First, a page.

Friday, February 25, 2011

Prepare for the maelstrom ... Council officer forged parking documents

I expect that Britain's motorists will be incensed at the decision of Judge Graham Cottle but expect a very bright media spotlight to be shone on the sordid affairs of parking officers in the South West.

As a reminder of what the CPS say ...

CPS Guidance: Misconduct in Public Office

Like perverting the course of justice, misconduct in public office covers a wide range of conduct. It should always be remembered that it is a very serious, indictable only offence carrying a maximum sentence of life imprisonment. A charge of misconduct in public office should be reserved for cases of serious misconduct or deliberate failure to perform a duty which is likely to injure the public interest.

... and then read the words of Judge Cottle.

Then remember that Peter Harry is a VICTIM of wilful misconduct and the criminal actions of someone paid from the public purse. This massive injustice will incense Britain's motorists.

Official forged parking documents
Published on Fri Feb 25
20:10:09 2011
Press Association

A motorist has spoken of his disbelief after an Exeter City Council official escaped with a slap on the wrist after admitting forging documents in a parking dispute.

Geoffrey Urwin, 43, who worked at Exeter City Council as a parking support team leader, doctored a map that was presented to a traffic penalty tribunal after motorist Peter Harry appealed against a ticket he had been given.

Urwin, of Oxford Road, St James, Exeter, pleaded guilty to a charge of wilful misconduct at Exeter Crown Court on Friday and was given an absolute discharge by Judge Graham Cottle, the Recorder of Exeter.

Exeter Crown Court heard the charge related to an incident in June 2009, when Mr Harry, 67, who is part of a group campaigning against illegal issuing of parking tickets, discovered that some of the parking restrictions in Exeter city centre were incorrectly marked and decided to test them.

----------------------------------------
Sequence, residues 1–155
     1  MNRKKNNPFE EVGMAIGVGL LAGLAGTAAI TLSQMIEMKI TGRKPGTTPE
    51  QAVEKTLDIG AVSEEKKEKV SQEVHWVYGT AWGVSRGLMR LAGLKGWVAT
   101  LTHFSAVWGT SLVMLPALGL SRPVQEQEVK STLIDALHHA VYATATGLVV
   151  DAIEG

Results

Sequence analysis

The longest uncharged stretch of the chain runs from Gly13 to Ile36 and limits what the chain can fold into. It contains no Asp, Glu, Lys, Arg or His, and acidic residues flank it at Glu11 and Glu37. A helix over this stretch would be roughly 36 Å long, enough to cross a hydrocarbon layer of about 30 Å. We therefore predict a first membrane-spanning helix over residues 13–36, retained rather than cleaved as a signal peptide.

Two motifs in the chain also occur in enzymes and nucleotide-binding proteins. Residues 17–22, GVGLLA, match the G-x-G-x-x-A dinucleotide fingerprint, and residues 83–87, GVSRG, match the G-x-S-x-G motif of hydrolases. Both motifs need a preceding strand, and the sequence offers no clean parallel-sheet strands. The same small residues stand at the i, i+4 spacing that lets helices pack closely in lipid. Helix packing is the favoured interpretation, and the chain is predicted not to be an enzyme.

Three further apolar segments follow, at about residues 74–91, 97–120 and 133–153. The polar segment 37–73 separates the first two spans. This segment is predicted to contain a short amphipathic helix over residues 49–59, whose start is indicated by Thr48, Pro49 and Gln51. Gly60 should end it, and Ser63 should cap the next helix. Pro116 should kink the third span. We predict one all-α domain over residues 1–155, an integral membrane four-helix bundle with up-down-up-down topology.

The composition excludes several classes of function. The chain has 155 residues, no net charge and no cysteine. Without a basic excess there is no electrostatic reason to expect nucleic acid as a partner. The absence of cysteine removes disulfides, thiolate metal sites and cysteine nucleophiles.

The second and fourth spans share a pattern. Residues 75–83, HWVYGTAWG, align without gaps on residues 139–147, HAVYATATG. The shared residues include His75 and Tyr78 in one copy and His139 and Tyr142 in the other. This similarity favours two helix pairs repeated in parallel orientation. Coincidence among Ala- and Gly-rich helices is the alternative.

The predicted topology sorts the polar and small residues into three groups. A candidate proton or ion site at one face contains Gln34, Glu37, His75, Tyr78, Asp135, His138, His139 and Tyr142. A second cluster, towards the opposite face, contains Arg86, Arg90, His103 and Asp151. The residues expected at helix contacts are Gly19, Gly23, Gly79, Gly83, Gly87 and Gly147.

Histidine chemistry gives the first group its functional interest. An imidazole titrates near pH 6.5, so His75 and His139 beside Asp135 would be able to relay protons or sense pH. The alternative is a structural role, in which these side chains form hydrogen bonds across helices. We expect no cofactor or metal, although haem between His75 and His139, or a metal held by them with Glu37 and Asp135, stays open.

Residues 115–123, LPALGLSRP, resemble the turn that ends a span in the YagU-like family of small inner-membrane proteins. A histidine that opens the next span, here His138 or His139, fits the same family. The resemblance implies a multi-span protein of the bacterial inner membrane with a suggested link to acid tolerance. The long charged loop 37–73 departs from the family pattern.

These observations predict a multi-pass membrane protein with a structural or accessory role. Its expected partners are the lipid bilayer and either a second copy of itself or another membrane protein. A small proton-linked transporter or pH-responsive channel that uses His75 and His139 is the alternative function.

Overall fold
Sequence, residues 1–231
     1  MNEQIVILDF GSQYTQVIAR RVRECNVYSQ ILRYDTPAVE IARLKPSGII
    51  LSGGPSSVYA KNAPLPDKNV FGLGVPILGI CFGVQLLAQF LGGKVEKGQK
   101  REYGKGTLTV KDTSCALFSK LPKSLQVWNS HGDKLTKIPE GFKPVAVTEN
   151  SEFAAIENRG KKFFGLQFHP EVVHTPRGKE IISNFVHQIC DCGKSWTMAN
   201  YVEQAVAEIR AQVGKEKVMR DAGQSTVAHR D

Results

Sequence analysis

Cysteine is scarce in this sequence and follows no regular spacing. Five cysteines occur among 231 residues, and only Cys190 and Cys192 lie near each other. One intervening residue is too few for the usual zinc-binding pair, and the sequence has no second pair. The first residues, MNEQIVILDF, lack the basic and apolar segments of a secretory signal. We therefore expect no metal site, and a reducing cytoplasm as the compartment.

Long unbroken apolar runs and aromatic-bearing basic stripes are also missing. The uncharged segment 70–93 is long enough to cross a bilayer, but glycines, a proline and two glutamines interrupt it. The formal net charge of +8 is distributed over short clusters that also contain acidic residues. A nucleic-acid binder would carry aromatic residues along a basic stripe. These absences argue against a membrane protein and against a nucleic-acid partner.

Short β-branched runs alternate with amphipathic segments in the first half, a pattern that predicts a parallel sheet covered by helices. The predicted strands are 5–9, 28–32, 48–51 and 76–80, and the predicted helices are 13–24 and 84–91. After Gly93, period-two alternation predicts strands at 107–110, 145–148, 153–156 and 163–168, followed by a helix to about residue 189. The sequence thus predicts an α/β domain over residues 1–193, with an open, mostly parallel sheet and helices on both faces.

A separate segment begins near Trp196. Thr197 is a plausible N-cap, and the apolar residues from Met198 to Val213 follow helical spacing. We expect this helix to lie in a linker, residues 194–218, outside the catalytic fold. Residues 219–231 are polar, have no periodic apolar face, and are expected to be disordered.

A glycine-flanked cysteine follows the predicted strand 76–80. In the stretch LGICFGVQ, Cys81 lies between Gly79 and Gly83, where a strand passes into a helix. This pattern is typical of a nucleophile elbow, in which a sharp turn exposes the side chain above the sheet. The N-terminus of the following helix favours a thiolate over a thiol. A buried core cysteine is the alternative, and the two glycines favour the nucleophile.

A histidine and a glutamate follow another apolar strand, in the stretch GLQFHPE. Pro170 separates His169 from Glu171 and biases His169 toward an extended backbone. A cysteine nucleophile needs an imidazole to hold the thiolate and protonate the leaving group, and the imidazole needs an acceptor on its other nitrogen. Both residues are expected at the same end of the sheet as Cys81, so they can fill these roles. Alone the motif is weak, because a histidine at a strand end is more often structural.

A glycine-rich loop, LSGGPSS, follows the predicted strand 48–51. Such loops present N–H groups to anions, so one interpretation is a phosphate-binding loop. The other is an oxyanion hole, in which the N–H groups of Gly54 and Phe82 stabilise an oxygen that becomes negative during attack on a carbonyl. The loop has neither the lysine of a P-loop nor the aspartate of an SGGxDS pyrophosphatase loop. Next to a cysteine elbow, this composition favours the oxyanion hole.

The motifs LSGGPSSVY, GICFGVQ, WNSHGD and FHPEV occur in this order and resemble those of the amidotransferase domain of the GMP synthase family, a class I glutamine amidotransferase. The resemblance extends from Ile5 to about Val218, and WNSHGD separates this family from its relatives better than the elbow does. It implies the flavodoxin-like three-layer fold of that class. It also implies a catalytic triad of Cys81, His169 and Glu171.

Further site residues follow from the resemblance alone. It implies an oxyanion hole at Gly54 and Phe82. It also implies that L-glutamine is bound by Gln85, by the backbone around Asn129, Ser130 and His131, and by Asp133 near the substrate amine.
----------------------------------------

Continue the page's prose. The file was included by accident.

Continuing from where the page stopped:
He found that the parking bays on Southernhay East were marked with a double white transverse line - meaning motorists who did not buy a ticket could not be penalised for parking there. When the retired cheese wholesaler, from Dawlish, Devon, received a penalty notice for not purchasing a ticket, he appealed against the fine.

The court heard that Mr Harry found that the ticket he had been issued with stated that he was parked in Southernhay West, when in fact he had left his car in the adjacent Southernhay East. He also discovered that a map the council had submitted to the tribunal had been doctored and the word 'East' removed - making it look like he was parked in 'Southernhay', the court heard.

After Mr Harry complained to the police, it was discovered that Urwin had realised that the pensioner was right and so the defendant altered parking plans to put the city council in the clear, the court heard.

Before Urwin entered his plea, Judge Cottle spoke of his disbelief that the case had ever reached the crown court in the first place. "The CPS lawyer spent hours on this case? I wonder whether that was money well spent," the judge said.

Speaking outside court, Mr Harry spoke of his disbelief at the comments of the judge. "I cannot understand justice sometimes," he said. "I am absolutely astounded. I am just struck for words. How the judge can give an absolute discharge for a criminal offence, which he never heard anything about, is beyond me."

A spokesman for Exeter City Council said: "Geoff Urwin no longer works for the city council. We have no further comment to make."

Copyright (c) Press Association Ltd. 2011, All Rights Reserved


The Rookie said...

Hopefully the CPS will appeal this pathetic 'sentance'

emmalpike said...

Perhaps the previous commenter could learn to spell before he displays his ignorance to the world.

Anonymous said...

Get your spelling right for goodness sake. You don't want to look ignorant do you?

Anonymous said...

I think the sentence of living under a cloud for a year, losing your job and future career is punishment enough!

Anonymous said...

I think the sentence of living under a cloud for a year, losing your job and future career is punishment enough!

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